Front Page History: Danville paper reported death of woman who ‘never grew old’ in 1919

Published 6:48 pm Monday, July 15, 2019

The history on Danville-Boyle’s front page 100 years ago reached another 91 years into the past. The lead story on July 16, 1919, was the death of Elizabeth Hope Parks, “one of the oldest and best known women” in the county.

Parks was 91 years old when she died, placing the day of her birth in the late 1820s.

“She lived at a time when much of this county was a wilderness and knew Danville, Perryville, Shelby City and other towns of this county when there were very few inhabitants in each one,” the paper reported. “She knew the county long before Junction City was founded.”

Email newsletter signup

Parks may have lived an exceedingly long life, but The Danville Daily Messenger as the paper was known at the time reported that “she never grew old.”

“She had been almost totally blind for about two years,” according to the story, but “she retained her mental faculties almost to the end. Prior to her loss of vision, she was an incessant reader, retained what she read and was one of the most interesting conversationalists in Kentucky.

“… While her memory ran back to the long, long ago and her recitals were extremely interesting, she looked to the future and continued to mention the possibilities of the years to come.”

The paper also reported that Parks had been “a woman of wonderful courage and a woman of convictions. She never hesitated to express her opinion on all questions. … If she approved of one’s conduct, she let it be known. She was equally as candid if she thought one was in the wrong.”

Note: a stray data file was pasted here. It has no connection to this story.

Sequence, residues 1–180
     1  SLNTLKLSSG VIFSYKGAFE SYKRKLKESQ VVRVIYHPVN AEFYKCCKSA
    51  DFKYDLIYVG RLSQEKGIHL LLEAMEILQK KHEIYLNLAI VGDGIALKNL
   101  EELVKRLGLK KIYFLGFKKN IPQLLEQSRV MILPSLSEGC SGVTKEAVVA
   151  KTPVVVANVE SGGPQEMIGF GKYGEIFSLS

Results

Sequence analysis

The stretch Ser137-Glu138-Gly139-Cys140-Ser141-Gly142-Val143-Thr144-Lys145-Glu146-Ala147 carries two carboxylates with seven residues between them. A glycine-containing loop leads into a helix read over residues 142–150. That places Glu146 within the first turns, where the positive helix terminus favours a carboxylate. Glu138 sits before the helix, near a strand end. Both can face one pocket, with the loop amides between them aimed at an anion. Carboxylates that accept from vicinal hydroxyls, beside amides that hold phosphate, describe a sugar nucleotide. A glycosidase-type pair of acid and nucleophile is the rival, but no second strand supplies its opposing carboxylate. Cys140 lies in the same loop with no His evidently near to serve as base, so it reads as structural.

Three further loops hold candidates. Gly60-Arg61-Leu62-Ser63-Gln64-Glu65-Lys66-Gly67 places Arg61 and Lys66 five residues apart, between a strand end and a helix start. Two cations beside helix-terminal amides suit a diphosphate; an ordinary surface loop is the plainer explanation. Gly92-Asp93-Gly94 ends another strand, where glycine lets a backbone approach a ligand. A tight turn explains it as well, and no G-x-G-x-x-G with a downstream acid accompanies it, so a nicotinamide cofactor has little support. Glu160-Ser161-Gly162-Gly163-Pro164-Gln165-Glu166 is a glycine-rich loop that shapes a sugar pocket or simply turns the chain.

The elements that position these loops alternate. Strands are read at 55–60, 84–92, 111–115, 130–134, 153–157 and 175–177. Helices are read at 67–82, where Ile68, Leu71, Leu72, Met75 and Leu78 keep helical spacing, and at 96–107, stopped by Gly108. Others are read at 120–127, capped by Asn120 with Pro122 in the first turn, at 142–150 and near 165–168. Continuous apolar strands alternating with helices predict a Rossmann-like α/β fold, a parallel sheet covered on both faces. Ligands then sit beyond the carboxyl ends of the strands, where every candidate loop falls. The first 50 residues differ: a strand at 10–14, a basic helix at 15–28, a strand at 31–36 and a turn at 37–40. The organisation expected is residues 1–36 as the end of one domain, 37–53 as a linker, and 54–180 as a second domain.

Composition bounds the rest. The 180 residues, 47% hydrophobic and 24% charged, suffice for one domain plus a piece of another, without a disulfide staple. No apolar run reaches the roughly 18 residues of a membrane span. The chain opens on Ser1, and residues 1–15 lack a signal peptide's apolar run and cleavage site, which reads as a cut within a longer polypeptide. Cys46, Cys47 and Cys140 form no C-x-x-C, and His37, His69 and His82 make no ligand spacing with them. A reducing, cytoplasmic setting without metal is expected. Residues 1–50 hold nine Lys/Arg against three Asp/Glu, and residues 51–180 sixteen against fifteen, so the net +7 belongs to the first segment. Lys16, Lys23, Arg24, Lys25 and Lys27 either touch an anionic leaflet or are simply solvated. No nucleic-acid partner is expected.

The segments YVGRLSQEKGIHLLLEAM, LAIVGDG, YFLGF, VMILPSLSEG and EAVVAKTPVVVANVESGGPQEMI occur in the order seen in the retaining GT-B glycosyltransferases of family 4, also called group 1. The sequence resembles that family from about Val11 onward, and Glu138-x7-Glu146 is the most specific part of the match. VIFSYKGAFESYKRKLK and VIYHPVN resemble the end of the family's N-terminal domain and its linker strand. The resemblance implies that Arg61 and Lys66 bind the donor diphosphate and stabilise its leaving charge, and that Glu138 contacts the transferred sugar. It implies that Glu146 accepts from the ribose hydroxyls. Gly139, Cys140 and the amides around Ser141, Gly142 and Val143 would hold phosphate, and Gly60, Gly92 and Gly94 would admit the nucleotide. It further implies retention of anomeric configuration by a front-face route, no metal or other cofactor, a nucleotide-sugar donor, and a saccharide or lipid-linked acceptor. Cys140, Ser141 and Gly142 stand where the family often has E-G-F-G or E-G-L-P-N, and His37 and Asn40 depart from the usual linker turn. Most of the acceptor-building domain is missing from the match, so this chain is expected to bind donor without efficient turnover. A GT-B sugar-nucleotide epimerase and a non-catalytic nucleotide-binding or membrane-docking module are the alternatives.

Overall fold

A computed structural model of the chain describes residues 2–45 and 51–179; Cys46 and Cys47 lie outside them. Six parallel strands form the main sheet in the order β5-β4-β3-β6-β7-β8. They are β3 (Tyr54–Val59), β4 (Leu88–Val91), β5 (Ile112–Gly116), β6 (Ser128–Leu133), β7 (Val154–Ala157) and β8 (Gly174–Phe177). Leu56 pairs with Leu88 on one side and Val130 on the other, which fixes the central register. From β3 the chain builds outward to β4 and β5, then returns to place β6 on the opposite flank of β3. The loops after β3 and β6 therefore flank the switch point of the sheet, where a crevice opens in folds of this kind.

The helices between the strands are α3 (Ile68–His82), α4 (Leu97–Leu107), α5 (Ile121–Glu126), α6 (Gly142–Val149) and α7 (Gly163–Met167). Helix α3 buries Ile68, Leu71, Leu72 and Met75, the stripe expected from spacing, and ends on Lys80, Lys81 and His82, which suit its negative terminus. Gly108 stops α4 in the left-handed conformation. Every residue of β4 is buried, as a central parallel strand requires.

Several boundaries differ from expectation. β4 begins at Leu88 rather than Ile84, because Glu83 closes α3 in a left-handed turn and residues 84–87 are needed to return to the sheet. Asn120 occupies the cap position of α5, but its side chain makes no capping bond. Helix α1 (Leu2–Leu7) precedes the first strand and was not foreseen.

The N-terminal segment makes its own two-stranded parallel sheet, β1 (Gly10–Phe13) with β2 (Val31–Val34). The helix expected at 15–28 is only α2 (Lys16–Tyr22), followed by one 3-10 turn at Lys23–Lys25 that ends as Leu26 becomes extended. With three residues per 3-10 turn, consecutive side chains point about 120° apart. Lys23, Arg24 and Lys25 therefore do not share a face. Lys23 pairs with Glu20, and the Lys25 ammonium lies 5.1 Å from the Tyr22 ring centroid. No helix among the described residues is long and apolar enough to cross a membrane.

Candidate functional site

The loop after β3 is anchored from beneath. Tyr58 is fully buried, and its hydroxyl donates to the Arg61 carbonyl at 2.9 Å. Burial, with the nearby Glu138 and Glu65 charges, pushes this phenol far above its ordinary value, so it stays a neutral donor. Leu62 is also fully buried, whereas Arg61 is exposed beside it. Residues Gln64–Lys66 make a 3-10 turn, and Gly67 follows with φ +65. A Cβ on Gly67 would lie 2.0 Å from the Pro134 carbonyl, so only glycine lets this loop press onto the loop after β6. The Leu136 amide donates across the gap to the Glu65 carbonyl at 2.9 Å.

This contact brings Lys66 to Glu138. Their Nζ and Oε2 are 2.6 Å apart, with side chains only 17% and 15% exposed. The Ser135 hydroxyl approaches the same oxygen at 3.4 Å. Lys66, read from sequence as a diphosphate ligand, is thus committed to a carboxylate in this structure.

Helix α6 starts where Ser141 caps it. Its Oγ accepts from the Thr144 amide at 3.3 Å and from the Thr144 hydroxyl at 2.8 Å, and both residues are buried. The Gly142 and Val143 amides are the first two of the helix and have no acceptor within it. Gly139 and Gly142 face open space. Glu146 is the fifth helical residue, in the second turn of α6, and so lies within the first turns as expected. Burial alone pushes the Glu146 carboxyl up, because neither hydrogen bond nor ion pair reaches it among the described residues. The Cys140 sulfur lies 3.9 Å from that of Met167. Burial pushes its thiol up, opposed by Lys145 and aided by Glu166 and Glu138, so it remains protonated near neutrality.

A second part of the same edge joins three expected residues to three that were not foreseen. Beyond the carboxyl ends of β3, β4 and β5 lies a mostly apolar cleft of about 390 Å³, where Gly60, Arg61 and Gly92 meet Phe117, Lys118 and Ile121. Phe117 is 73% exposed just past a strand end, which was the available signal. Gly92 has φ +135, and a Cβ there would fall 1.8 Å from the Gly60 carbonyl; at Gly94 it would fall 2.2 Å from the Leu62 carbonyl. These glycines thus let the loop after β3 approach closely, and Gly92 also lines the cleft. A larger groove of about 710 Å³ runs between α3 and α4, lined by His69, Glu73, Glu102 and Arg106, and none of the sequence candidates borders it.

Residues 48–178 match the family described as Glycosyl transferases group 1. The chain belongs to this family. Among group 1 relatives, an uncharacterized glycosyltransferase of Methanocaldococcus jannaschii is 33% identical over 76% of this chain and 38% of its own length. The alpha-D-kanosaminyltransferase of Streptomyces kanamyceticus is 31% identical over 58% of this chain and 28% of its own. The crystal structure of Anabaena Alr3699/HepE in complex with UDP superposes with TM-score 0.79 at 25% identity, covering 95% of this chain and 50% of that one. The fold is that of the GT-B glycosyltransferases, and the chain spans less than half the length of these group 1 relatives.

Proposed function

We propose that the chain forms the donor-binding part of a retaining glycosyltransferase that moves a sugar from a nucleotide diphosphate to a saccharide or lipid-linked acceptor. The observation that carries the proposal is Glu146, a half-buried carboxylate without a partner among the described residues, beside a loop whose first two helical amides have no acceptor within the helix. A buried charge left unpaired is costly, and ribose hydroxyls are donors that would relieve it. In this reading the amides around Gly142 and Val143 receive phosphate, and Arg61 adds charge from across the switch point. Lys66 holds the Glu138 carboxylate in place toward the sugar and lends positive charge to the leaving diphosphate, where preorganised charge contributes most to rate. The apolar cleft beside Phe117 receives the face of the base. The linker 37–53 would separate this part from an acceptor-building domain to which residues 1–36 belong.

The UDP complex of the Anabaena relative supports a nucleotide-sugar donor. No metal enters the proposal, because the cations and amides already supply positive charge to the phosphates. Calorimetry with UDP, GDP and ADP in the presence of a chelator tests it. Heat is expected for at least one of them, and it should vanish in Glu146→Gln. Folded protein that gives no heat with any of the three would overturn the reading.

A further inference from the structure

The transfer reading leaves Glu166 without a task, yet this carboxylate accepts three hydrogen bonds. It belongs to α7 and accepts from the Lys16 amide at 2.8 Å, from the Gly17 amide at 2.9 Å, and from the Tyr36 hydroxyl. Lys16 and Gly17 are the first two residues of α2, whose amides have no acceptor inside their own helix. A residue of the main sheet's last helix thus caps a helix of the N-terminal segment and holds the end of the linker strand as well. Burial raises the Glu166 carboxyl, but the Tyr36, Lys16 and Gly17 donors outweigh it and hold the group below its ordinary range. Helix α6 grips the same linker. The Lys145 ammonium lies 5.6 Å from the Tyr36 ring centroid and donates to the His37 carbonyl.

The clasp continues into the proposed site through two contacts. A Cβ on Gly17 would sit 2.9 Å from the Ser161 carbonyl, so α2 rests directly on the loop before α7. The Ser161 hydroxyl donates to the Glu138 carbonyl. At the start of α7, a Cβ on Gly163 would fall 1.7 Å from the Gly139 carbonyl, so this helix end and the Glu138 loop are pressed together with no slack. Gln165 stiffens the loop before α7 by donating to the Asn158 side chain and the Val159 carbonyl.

Alice Brownfield, Parks’ only surviving child out of five who grew to be adults, was listed as the only survivor; Parks was buried in Parksville Cemetery.

Other news

Other items on the front page 100 years ago included:

• A new device that routed steam from a steam engine out the back instead of “allowing it to be exhausted against the ceiling of the tunnels a few feet in front of the cab” was likely to help prevent a major railroad strike.

• A photo of four federal officials credited with preventing Bolsheviks from causing disruptions on July 4: Assistant Attorney J.T. Creighton, Attorney General A. Mitchell Palmer, Francis P. Garvan and “the famous detective William J. Flynn.”

• A poultry expert would soon visit Boyle County to help cull farmers’ chicken flocks. “The idea is to get rid of the slacker hen and give the feed to egg producers.”